U.N. Investigator: Iran’s Human Rights Situation Hasn’t Improved under Rouhani

By Ahmad Majidyar | Fellow and Director of IranObserved Project - The Middle East Institute | Mar 14, 2017
U.N. Investigator: Iran’s Human Rights Situation Hasn’t Improved under Rouhani

Iranian President Hassan Rouhani has not fulfilled his pledge to improve the country’s human rights situation and guarantee Iranians’ civil liberties, says Asma Jahangir, the U.N. special rapporteur for Iran. In an exclusive interview with the BBC Persian on Monday, the U.N. monitor added that although the Iranian president unveiled a comprehensive “Citizens’ Rights Charter” last December and assigned an official to monitor its implementation, none of the charter’s provisions have translated  into action yet – citing a great number of journalists, bloggers, social activists, students and women’s rights activists being detained in the country. The U.N. investigator said the most shocking finding of her latest Iran report was arbitrary detentions by the country’s Judiciary.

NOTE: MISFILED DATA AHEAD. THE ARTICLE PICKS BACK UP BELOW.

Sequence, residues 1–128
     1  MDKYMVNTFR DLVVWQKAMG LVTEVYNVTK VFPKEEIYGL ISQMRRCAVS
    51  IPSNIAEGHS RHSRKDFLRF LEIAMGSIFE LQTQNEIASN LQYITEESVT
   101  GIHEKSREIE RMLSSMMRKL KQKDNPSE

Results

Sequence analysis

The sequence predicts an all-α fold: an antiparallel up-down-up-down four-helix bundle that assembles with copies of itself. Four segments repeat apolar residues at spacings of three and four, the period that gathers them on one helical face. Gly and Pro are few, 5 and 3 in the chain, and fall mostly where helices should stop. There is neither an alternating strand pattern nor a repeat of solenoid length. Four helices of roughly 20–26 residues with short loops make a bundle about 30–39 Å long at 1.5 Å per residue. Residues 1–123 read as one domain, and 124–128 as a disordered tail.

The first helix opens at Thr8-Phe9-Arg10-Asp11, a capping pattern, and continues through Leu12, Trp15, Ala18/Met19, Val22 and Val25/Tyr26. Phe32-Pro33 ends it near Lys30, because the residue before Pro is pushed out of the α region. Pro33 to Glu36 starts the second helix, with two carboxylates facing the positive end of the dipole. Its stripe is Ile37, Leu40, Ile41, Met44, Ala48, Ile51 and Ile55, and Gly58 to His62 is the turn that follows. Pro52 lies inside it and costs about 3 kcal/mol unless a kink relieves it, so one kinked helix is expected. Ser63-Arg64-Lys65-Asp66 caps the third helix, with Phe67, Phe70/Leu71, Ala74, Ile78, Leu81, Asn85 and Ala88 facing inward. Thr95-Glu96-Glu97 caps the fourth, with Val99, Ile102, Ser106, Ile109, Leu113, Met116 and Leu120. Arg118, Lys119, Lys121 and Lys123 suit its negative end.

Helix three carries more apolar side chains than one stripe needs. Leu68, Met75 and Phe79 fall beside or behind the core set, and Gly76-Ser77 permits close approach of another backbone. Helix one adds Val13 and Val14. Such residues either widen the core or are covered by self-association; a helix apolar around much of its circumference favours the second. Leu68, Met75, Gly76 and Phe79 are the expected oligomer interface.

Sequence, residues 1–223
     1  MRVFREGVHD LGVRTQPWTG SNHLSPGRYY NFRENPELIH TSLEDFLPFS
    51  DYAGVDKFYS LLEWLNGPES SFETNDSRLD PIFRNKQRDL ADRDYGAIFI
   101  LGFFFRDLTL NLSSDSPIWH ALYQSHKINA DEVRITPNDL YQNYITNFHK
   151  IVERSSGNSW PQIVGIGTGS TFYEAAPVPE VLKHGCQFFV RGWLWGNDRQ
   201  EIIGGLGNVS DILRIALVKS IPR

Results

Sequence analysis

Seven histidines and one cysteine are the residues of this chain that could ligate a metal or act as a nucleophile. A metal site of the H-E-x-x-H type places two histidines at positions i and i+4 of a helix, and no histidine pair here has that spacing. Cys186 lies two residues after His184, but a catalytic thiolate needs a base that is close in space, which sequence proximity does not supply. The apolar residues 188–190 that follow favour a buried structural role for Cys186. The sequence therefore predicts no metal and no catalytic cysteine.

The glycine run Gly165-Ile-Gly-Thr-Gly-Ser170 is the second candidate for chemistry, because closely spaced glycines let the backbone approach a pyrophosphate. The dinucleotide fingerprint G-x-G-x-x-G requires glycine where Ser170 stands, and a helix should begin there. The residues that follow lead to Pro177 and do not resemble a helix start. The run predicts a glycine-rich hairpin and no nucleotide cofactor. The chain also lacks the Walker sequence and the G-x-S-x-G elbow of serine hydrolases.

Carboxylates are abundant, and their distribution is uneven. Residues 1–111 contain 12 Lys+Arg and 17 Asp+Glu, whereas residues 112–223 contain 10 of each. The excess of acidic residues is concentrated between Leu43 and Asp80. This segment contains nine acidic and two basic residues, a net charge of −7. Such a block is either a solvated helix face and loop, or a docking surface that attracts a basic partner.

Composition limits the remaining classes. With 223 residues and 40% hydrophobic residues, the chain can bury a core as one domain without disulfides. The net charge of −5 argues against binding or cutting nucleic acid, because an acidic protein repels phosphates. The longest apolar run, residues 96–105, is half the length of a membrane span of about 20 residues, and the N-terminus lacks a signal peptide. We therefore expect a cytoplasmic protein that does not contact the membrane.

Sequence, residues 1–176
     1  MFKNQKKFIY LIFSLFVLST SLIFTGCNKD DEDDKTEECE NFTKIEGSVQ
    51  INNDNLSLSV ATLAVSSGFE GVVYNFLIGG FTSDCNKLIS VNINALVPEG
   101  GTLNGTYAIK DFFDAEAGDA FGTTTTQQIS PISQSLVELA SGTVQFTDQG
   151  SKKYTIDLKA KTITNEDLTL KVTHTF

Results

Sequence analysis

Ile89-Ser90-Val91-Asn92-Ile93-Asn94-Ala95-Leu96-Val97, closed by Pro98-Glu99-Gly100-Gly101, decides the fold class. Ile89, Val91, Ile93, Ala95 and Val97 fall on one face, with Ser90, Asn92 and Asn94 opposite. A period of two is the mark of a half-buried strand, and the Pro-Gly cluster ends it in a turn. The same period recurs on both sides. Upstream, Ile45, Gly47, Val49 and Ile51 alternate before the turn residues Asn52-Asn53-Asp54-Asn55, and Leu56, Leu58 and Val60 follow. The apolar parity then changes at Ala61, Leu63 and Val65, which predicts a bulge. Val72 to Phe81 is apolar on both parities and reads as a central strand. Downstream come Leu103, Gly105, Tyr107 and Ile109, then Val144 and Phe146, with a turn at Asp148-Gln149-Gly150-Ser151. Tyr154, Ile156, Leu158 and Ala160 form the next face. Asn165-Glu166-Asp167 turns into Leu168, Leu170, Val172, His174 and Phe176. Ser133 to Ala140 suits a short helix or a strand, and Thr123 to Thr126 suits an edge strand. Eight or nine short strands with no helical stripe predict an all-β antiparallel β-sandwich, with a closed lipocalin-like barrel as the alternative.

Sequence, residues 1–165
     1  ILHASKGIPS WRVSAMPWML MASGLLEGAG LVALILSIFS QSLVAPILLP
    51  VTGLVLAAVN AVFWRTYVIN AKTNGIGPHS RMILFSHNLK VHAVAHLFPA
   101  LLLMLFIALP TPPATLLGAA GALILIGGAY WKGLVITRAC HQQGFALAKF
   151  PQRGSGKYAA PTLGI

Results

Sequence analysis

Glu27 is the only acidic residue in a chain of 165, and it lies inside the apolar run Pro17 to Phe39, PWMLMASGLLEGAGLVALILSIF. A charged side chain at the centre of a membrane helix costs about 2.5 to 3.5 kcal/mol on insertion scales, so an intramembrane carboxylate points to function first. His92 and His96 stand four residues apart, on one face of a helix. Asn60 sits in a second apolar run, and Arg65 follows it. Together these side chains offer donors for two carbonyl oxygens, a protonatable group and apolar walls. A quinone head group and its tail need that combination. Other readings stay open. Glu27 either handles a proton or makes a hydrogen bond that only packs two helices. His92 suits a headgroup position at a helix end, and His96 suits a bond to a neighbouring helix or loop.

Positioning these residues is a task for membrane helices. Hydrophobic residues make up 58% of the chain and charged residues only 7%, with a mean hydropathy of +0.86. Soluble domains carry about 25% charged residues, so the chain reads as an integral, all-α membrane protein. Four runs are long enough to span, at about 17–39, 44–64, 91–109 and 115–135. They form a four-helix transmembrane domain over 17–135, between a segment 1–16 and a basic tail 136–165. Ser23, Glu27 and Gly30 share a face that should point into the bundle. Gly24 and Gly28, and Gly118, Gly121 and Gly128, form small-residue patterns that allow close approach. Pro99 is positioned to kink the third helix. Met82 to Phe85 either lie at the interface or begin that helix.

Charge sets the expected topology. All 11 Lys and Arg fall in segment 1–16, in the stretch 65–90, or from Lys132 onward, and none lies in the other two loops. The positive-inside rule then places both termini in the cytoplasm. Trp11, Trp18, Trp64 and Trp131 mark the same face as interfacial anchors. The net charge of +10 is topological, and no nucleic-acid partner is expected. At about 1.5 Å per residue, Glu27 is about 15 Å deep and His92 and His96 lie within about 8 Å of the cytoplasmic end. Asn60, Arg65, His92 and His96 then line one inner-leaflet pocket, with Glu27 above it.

The interview with the BBC Persian occurred on the same day Jahangir presented her first report on the Iranian government’s human rights record to the U.N. Human Rights Council. She told the council that authorities in Iran suppress reformists, torture detainees, and execute prisoners at an “alarming” rate. "All reports indicate a high level of control over citizens and that democratic space is severely limited," she added. In her written report on March 6, Jahangir had claimed that the Iranian government executed at least 530 people last year, including 5 juveniles.

Comment: Issues related to human rights and civil liberties were Rouhani’s primary campaign slogans during the 2013 presidential elections. But the Iranian president has done little to confront the country’s repressive judiciary and intelligence organizations that continue to jail innocent Iranians without fair trials, deny ethnic and religious minorities their basic rights, and take dual-national Iranians hostage for ransom.

The timing of the release of the U.N. report is also important as it comes just two months before Iran is scheduled to hold the presidential elections in May. President Rouhani, who is set to run for a second term, is already facing increasing criticism from his reformist base at home for not acting decisively to tackle human rights abuses in the country. The president’s Citizens’ Rights Charter, announced only three months ago, is more a symbolic gesture to woo reformists to support his reelection bid than a genuine and bold effort to improve the Islamic Republic’s dismal human rights record. Instead of addressing the concerns of Iranians and the international community, the Rouhani government earlier this month dismissed the latest U.N. report as “politicized.”


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